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Analysing NHS data to improve early diagnosis and guide interventions

Addressing gaps in data is vital for monitoring progress towards the 2028 ‘early-stage’ target and optimising diagnostic services and pathways.

Illustration of scientists working on ideas

20 June 2024

Background


Evidence on the frequency and nature of help-seeking for possible cancer symptoms (including those included in ‘Be Clear on Cancer’ campaigns) is lacking. Inequalities in consultation patterns by ethnicity and deprivation exist, but the type of symptoms involved, inequalities in presentation and cancer risk are poorly understood. Evidence is also needed to achieve earlier diagnosis for primary care consultees with as-yet-undiagnosed cancer. Thus far, evidence (and therefore NICE guidelines) do not cater to the half of all patients with undiagnosed cancer, whose initial cancer risk is lower than 3% (the NICE referral threshold).

This group typically comprises younger patients and those presenting with non-specific symptoms (loss of weight, fatigue, etc.) when those are considered on their own. Finally, evidence on time trends in key metrics of early detection and diagnosis and related inequalities in such trends (patient level or geographic) is critical for guiding policy, but is currently lacking. Addressing this gap is vital for monitoring progress towards the 2028 ‘early-stage’ target, to hep prioritise early diagnosis policies, target improvement efforts, and optimise diagnostic services and pathways.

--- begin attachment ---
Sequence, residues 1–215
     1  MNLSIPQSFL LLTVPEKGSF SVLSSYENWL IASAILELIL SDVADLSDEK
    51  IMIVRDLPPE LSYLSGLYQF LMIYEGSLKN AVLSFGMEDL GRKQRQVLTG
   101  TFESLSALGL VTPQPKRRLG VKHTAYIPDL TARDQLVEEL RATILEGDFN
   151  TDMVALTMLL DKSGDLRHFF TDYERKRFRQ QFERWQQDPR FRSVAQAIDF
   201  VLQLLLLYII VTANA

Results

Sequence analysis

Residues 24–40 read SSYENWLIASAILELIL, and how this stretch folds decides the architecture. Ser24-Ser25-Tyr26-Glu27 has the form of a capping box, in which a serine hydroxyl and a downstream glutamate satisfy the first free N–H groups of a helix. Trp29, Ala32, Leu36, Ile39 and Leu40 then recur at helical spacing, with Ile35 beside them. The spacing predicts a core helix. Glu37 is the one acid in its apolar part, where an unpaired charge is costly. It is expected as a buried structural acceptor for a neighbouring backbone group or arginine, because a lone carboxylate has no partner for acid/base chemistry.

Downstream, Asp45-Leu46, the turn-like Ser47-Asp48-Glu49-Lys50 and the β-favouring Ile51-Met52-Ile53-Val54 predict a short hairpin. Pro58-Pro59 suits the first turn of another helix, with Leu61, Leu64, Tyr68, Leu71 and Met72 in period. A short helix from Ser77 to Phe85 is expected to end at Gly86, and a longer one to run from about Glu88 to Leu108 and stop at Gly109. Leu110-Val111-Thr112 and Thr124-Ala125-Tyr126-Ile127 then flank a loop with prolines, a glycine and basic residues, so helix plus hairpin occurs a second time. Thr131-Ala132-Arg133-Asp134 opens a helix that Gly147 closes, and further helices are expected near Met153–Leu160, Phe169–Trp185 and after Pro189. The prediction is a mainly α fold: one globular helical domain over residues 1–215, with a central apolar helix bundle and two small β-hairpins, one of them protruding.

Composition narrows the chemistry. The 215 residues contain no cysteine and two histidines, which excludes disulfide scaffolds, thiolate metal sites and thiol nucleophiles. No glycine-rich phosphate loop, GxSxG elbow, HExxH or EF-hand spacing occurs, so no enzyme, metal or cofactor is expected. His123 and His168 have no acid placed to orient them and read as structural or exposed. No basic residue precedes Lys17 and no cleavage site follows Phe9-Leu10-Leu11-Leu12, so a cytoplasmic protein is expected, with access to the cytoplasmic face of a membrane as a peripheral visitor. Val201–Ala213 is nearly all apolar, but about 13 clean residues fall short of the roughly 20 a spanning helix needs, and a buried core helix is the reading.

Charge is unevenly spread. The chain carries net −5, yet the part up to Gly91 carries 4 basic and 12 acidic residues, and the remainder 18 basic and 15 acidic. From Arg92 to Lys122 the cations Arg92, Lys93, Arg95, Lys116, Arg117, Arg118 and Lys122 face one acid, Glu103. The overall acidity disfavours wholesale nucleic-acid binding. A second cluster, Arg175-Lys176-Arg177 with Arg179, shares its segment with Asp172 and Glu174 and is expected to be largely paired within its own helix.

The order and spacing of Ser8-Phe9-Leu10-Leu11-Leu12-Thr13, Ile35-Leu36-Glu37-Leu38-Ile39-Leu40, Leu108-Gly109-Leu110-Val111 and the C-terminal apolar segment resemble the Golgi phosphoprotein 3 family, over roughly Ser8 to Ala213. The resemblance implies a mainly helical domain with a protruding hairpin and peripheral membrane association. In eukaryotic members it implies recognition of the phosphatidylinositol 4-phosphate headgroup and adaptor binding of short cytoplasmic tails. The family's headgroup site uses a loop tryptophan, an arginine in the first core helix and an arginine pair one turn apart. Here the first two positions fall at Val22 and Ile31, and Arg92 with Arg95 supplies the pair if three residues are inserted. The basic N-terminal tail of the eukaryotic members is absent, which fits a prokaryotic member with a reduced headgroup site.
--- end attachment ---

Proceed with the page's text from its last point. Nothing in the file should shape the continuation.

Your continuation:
Aims and objectives


  • To benchmark patterns of primary care activity related to a large range of symptoms, alongside patient group inequalities in help-seeking for different symptoms, and associated risk of cancer. 
  • To improve risk stratification for patients presenting with non-specific symptoms and low risk groups (including younger patients). 
  • To examine variation in markers of early diagnosis, alongside diagnostic management activity: over time, between patient groups, between relevant NHS geographies. To develop approaches to enable routine monitoring of geographical variation. To quantify survival gains attainable by improving and/or removing inequalities in markers of early diagnosis. 

Policy Relevance & Dissemination  


By achieving these aims, we will provide an infrastructure for evaluating the effectiveness of public health campaigns for symptoms and identify targets for future waves of these interventions and their likely impact. We will help to enhance and update NICE guidelines, to improve classification of risk in patients with characteristics/symptoms averagely associated with risk below the 3% threshold, and hope to learn lessons from progress / lack of progress thus far and identify opportunities for targeted policies towards attaining the early stage 2028 target. 

This will be shared through direct engagement with policymakers such as the DHSC policy teams, NHS England Cancer Teams, Office for Health Inequalities and Disparities (OHID), NHS Screening, Cancer Research UK Policy, and RCGP.  

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The NIHR Policy Research Unit in Cancer Awareness, Screening and Early Diagnosis is part of the NIHR and hosted by UCL.